54,000 year old stone tools and a child’s tooth found in a cave in southern France are the earliest evidence of modern humans (Homo sapiens) in Western Europe, 10,000 to 12,000 years earlier than estimates to date of our ancestors’ first arrival from Africa. If confirmed this will lead to the rewriting of the books on European prehistory. The discovery also seems to disprove the well-established notion that Homo sapiens forcibly wiped out the “old” Neanderthals upon their arrival on the European continent, since the two species may have coexisted for several thousand years in the same areas, either peacefully or in competition with each other.

The scientists, led by anthropology professor Ludovic Slimak of the”Jean Jaurès” University of Toulouse and the French National Research Center (CNRS), who published the relevant article in the “Science Advances” journal, told the BBC, “Nature” and the “New Scientist” that in their opinion these are not Neanderthal remains, who had however inhabited the same cave before and after Homo sapiens. It is possible that the two species had met, although no traces were found of cultural exchanges between them.

The presence of the latter in the Mandrin Cave in the Rhone Valley, 140 km north of Marseille, is estimated to have lasted only four decades, while that of the Neanderthals for tens of thousands of years. Due to the many other finds in Grotte Mandrin, which will be presented in the future by the researchers, Slimak described the cave as “a kind of Neanderthal Pompeii minus the catastrophic events.”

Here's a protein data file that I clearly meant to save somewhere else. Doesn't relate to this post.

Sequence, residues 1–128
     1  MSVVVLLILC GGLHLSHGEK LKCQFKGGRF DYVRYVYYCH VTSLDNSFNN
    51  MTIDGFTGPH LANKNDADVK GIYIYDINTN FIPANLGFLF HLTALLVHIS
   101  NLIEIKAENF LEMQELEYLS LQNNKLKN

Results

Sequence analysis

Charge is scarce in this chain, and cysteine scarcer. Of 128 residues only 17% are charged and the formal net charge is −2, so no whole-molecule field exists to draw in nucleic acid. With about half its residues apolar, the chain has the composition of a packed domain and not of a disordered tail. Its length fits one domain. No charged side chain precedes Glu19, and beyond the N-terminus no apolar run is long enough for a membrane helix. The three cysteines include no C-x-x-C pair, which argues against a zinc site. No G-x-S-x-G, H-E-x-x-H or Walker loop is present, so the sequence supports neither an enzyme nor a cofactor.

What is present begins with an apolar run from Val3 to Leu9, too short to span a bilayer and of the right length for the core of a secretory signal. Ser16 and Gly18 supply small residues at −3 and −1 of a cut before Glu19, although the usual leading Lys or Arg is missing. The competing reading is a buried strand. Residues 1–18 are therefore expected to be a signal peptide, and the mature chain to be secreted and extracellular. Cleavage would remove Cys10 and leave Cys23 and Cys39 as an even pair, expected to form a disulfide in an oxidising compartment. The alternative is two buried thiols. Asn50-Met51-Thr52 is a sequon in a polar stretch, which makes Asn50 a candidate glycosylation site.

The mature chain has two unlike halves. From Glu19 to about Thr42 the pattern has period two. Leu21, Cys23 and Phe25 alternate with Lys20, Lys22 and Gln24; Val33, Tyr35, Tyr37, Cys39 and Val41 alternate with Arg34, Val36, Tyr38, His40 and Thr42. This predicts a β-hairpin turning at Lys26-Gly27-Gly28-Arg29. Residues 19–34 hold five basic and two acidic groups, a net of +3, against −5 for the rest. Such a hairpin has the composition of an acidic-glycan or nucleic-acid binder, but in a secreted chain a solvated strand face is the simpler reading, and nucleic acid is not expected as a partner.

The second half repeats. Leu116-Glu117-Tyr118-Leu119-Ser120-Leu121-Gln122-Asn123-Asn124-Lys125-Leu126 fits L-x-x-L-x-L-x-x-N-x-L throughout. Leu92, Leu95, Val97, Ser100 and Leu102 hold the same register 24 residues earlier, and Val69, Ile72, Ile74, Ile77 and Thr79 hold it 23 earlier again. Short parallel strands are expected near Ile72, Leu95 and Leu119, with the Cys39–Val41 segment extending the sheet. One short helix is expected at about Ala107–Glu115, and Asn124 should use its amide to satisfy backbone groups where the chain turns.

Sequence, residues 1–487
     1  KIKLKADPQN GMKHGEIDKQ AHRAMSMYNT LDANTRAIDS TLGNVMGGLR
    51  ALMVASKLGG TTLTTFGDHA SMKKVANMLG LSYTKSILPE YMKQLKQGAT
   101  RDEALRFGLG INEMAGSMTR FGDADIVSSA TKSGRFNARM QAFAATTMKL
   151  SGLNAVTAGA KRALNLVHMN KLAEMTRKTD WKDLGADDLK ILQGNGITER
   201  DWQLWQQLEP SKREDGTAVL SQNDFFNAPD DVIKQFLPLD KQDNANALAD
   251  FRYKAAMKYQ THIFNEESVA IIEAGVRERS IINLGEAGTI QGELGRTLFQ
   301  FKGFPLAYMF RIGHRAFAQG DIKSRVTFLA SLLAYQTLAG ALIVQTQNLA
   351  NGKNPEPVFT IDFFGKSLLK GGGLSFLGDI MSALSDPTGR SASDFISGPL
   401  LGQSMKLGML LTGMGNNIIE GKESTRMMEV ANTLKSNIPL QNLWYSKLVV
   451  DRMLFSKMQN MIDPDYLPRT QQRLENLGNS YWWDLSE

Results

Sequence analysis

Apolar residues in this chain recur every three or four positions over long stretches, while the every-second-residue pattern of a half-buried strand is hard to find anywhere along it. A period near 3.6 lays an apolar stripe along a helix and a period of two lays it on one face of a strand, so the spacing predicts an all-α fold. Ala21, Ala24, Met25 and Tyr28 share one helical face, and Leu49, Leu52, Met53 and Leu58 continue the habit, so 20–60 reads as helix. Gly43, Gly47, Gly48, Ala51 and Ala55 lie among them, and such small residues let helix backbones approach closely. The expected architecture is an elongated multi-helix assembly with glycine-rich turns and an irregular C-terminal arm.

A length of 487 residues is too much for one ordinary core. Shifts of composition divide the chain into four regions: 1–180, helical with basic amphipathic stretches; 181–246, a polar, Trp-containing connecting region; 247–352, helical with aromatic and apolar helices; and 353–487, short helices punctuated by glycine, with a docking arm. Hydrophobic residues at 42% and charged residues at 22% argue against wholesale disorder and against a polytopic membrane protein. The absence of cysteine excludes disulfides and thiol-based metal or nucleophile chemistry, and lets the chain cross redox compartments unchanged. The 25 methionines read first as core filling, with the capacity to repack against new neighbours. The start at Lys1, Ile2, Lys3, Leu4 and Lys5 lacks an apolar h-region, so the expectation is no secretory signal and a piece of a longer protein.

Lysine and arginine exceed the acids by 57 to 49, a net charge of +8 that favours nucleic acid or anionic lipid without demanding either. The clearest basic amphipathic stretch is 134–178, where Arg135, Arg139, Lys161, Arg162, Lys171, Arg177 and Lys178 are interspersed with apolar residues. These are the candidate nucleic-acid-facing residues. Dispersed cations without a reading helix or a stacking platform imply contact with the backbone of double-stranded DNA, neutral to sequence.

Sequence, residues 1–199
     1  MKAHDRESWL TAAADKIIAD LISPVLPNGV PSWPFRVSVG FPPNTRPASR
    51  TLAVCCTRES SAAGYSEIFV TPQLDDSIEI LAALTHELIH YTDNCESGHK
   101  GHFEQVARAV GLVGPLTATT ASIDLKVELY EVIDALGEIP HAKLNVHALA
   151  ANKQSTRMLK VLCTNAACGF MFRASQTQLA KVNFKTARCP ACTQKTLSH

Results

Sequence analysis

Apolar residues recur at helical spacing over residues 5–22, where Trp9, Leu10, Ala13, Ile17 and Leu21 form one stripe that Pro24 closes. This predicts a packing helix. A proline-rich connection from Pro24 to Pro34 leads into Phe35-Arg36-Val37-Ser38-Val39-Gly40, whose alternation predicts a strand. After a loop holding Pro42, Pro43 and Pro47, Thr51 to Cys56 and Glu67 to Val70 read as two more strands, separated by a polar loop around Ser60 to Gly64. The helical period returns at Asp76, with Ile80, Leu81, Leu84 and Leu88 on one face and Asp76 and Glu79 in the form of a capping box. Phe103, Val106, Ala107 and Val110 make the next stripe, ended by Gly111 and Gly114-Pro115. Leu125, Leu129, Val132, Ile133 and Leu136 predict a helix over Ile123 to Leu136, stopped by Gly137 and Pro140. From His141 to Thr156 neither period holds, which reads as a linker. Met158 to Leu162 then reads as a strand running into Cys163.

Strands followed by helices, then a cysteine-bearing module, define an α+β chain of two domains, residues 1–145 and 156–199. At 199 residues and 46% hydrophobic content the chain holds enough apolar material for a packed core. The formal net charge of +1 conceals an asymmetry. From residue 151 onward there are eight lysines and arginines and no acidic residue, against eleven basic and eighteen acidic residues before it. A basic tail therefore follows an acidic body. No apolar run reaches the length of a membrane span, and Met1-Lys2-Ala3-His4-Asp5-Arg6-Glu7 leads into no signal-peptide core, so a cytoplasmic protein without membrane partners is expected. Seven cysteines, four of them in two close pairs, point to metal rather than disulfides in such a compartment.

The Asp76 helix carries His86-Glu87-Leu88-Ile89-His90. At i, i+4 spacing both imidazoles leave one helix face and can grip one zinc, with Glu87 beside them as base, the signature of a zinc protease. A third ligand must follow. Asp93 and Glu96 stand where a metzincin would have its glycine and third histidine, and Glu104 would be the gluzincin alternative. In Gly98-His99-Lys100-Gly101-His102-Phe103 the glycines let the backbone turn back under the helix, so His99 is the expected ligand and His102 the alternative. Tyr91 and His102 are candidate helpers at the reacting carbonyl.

To date, the oldest DNA-confirmed traces of Homo sapiens in Europe have been found in a cave in Bulgaria and are about 44,000 years old, while Neanderthals, having lived in Europe for hundreds of thousands of years, disappeared for the most part about 40,000 years ago, ie just after the arrival of their “cousins” the Homo sapiens, although some individual groups seem to have survived for a few thousand years more.

Katerina Harvatis, a Greek professor of paleoanthropology at the German University of Tübingen, said the findings seemed convincing and negated the established notion that most of Europe was exclusively Neanderthal territory until about 45,000 years ago. She pointed out that the early presence of Homo sapiens in the Mandrin Cave did not seem to have been very successful, since it only lasted a short time with the Neanderthals returning to the same region. It  should be noted that in 2019 Harvati had presented evidence of Homo sapiens existing in Greece 210,000 years ago (in the Apidima Cave in Mani), a finding that proved the presence of our ancestors on the European continent much earlier than the French or Bulgarian cave.

Researcher Clement Zanolli of the University of Bordeaux and CNRS, participating since 1990 in Mandrin’s research with finds of around 60,000 stone artifacts and 70,000 animal remains, said:”There has not just been a single wave of modern humans arriving and colonizing Europe, but several attempts had probably been made. What we found is probably one of these and there were probably others we have not yet discovered. The unanswered question is whether they left the cave to return to where they came from or whether they simply died there and did not survive more than a few decades. It is impossible to say”.

Other scientists however, such as archaeologist William Banks of the University of Bordeaux and the CNRS, have been more skeptical as to whether both the tools and the tooth originate from Homo sapiens, not finding the data entirely convincing. So far, researchers have not attempted to extract ancient DNA from the tooth to determine whether it belongs to Homo sapiens or Neanderthals.

For the scientific publication, click here.